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From "Jerry Cwiklik (JIRA)" <...@uima.apache.org>
Subject [jira] Closed: (UIMA-1754) Incorrect description of getCAS() method in UIMA AS documentation
Date Tue, 04 Jan 2011 19:05:45 GMT

     [ https://issues.apache.org/jira/browse/UIMA-1754?page=com.atlassian.jira.plugin.system.issuetabpanels:all-tabpanel

Jerry Cwiklik closed UIMA-1754.

       Resolution: Fixed
    Fix Version/s: 2.3.1AS
         Assignee: Jerry Cwiklik

Modified to read:

CAS getCAS(): Requests a new CAS instance from a CAS pool. This method blocks until
a free instance of CAS is available in the CAS pool. Applications that use synchronous
sendAndReceive() and getCAS() need to call CAS.reset() before reusing the CAS,
or CAS.release() to return it to the CAS pool. Applications that use asynchronous
sendCAS() and getCAS() must not call CAS.release() nor CAS.reset() unless
sendCAS() throws an exception. If sendCAS() call is successful, the UIMA AS framework
code releases each CAS automatically when a reply is received. The framework releases a
CAS right after a callback listener entityProcessComplete() completes.

> Incorrect description of getCAS() method in UIMA AS documentation
> -----------------------------------------------------------------
>                 Key: UIMA-1754
>                 URL: https://issues.apache.org/jira/browse/UIMA-1754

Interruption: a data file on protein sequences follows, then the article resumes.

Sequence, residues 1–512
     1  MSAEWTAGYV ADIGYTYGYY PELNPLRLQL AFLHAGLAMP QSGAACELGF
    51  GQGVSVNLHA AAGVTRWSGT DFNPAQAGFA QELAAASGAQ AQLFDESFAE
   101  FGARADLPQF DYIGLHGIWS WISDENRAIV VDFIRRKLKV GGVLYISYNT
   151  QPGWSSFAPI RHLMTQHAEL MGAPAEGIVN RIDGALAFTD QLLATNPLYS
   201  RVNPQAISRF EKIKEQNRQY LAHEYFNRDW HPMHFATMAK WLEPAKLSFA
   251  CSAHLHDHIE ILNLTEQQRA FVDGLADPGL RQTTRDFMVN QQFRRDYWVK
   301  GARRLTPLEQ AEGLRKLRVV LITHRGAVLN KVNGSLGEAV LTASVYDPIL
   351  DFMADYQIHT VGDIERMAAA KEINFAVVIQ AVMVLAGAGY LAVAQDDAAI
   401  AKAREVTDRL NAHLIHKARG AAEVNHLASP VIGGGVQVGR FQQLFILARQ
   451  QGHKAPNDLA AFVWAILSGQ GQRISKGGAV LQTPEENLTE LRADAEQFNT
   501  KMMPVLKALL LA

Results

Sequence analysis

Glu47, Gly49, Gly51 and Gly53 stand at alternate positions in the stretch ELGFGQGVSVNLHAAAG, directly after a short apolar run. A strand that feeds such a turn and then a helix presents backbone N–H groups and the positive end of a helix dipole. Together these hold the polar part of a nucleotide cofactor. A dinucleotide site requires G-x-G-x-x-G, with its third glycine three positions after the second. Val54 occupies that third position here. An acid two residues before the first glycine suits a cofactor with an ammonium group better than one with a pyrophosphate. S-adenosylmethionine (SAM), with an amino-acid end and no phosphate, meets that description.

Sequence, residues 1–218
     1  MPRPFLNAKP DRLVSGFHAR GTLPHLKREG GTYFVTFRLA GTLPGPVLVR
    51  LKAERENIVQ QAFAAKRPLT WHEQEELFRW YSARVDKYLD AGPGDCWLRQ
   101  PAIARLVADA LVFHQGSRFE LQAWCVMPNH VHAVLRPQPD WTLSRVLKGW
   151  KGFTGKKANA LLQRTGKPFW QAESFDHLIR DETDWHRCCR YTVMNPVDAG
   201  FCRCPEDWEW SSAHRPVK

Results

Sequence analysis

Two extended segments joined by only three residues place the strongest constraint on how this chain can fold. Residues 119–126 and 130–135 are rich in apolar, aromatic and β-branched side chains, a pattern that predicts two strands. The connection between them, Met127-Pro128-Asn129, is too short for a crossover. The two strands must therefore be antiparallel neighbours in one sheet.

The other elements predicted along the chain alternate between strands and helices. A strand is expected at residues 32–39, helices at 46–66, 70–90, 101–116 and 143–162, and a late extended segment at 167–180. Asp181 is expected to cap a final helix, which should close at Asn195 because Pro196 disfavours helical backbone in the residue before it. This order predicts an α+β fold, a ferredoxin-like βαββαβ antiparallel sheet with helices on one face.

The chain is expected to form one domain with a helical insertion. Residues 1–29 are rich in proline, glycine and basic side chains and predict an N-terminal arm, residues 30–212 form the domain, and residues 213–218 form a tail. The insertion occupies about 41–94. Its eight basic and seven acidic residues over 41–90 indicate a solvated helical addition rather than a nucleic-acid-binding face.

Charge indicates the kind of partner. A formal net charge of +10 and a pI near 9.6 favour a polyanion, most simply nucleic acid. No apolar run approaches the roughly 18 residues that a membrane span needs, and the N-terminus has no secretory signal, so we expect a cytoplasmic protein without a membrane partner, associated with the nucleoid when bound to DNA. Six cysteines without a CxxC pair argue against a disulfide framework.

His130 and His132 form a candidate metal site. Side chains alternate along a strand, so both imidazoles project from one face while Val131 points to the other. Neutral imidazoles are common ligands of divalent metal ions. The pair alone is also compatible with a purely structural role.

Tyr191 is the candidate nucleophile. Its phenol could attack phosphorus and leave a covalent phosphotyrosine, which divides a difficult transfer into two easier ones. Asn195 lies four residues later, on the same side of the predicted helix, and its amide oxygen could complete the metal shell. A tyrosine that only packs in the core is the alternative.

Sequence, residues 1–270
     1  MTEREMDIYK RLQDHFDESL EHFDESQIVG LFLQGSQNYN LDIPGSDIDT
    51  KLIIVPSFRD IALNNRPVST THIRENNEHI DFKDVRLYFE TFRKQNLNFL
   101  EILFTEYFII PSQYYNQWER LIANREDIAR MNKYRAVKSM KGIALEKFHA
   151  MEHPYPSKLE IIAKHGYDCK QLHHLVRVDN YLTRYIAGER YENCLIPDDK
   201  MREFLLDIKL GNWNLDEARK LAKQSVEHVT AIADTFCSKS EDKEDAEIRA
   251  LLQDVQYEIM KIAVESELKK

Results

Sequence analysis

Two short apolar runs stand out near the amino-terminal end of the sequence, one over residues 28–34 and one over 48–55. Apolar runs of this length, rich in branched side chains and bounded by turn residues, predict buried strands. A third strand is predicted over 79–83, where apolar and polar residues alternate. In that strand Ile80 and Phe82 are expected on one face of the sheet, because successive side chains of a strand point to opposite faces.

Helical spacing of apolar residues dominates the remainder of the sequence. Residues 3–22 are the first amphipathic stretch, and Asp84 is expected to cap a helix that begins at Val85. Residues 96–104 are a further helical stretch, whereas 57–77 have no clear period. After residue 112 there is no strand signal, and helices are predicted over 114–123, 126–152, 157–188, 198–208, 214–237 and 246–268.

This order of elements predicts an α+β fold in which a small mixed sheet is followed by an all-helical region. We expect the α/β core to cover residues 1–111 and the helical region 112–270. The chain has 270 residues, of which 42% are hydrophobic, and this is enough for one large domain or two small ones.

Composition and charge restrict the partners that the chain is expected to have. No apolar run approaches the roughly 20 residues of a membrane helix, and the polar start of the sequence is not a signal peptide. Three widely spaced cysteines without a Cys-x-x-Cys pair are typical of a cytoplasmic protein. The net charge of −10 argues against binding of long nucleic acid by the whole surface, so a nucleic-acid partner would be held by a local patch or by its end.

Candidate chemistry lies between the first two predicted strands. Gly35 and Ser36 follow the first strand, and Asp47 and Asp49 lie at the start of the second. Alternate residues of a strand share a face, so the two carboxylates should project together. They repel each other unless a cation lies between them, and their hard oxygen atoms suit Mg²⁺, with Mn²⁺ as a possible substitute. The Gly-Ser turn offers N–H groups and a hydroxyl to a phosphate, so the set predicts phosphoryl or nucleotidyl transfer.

>             Project: UIMA
>          Issue Type: Bug
>          Components: Async Scaleout
>    Affects Versions: 2.3AS
>            Reporter: Jerry Cwiklik
>            Assignee: Jerry Cwiklik
>             Fix For: 2.3.1AS
> Chapter 4.2 The UimaAsynchronousEngine Interface describes UIMA AS client interface.
Its description of getCAS() tells the reader to call reset() or release() on the CAS before
calling getCAS() again. This is wrong when the client application uses an async style of sending
CASes using sendCAS() method. When using async calls, the framework actually releases a CAS
*after* the user's listener callback completes. The code calls release() if the user callback
is *not* provided. The only time when the user's code must call release() or reset() is when
the *synchronous* calls are made via sendAndReceive(). In this style of invocation, the framework
does not call release() nor reset() and it *is* user's responsibility to do so. 

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